First, I need to say I have the best co-workers. They are colleagues and friends. This was on my desk when I returned to work after conference:
If you’re looking for a place to grow, learn, teach, and serve others — you can’t do better than Teknion Data Solutions. Thank you to everyone there for all the support and opportunities!
What is a Zen Master? Check out Tableau’s description
When you listen to the response of newly inducted Zen Masters two words stand out: “honored” and “humbled.”
“Honored” makes sense when you first hear it. It is indeed a high honor to be named Zen Master by Tableau.
But what about “humbled”? Why is that the other term that Zen Masters are likely to use to describe themselves? I’ll speak for myself. Here are some reasons I feel humbled:
- I’ve been named among many who I consider to be my mentors.
- I work with and meet many people who teach me new things every day.
- I stand on the shoulders of giants. What I know is made up of what I’ve learned from others.
- There’s a lot I still don’t know. Zen Master doesn’t mean “mastery” in the sense that I know everything. Far from it. I’m still learning how much I don’t know.
- There’s a lot I will never know. And that’s okay. I once naively thought that one really could know all there was to know about Tableau. But even if you could master every last menu option consider all the areas Tableau touches: databases, data structure, analysis, statistics, R, GIS, writing code, visualization, design, server administration, and more! Who can master it all? No one. Should we despair? No! First, Tableau is so incredibly intuitive that anyone can start using it to create beautiful and useful things without a steep learning curve. Second, I am incredibly grateful for a vibrant and dynamic community that freely shares their specific knowledge and helps each other.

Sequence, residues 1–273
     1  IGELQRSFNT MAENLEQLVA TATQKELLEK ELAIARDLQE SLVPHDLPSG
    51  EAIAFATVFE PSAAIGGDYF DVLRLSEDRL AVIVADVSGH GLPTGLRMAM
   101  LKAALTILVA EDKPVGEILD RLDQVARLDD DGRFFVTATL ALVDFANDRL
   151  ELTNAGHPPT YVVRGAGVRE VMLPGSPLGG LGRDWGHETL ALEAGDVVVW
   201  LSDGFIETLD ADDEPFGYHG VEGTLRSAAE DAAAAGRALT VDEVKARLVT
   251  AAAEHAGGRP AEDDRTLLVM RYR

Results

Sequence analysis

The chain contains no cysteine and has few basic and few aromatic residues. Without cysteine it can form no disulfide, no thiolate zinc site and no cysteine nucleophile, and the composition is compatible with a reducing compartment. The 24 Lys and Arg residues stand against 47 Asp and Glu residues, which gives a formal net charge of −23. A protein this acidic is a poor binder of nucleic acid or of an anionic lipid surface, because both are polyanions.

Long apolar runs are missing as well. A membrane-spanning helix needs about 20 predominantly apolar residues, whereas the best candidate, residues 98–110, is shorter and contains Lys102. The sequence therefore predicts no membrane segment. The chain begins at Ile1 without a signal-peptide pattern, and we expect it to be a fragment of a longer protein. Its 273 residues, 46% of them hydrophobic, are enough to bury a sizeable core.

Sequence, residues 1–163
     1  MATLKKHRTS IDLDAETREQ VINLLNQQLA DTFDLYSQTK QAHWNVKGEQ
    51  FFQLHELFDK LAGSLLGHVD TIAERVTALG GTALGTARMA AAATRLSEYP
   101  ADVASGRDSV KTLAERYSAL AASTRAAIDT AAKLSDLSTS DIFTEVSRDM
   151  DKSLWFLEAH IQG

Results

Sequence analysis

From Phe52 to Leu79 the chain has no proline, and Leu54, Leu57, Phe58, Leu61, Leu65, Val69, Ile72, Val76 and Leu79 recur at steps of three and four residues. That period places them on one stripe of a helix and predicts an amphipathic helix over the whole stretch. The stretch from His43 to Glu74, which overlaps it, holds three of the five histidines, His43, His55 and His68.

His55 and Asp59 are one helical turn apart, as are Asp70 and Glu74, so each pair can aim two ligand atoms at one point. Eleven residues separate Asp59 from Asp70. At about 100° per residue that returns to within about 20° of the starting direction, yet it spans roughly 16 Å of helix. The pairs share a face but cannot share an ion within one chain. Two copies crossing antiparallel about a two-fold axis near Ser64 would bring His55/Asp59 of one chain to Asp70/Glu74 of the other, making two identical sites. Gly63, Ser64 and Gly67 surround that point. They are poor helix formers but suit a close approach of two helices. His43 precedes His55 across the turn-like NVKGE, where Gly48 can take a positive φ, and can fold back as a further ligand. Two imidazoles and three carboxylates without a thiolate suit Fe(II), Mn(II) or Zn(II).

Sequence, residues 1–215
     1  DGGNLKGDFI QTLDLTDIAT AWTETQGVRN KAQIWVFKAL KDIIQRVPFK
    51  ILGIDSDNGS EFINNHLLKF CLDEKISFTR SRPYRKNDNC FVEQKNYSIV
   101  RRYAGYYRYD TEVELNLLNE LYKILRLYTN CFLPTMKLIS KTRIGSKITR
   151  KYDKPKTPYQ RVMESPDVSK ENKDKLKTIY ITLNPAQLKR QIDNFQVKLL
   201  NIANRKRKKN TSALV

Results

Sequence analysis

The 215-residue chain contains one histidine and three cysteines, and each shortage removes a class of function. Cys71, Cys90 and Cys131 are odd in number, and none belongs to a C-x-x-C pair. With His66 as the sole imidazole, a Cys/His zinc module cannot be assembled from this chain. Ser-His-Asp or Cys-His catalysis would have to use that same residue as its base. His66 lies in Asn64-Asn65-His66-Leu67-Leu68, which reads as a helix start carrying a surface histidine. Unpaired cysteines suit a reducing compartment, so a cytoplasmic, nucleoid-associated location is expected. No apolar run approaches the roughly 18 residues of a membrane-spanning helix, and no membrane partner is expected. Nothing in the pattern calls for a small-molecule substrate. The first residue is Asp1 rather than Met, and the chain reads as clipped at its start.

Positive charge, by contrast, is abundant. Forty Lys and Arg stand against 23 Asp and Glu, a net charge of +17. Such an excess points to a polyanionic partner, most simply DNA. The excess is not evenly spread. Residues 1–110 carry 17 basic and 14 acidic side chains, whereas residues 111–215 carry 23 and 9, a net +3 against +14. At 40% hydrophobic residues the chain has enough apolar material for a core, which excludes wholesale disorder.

Humility is a lesson I’ve learned and I’m still learning it. A couple of years ago, while attending my first Tableau conference, I was introduced to one of the original Zen Masters. I was introduced as a “jedi” and I thought I was. I had been using Tableau just long enough that I knew a fair amount but didn’t yet realize how much I didn’t know. Sensing my know-it-all attitude, this individual patiently showed me a few things I had never considered and then kindly invited me to get in touch if I wanted to understand it more.
It ignited a passion in me to learn more, deepen my understanding, and help others with the knowledge I gained. Along the way, I’ve continually been humbled as others have patiently and kindly corrected my “correct answers” on the online forums, challenged my assumptions, or confirmed my understanding. I am incredibly grateful.
Honored? Yes. Humbled? Definitely.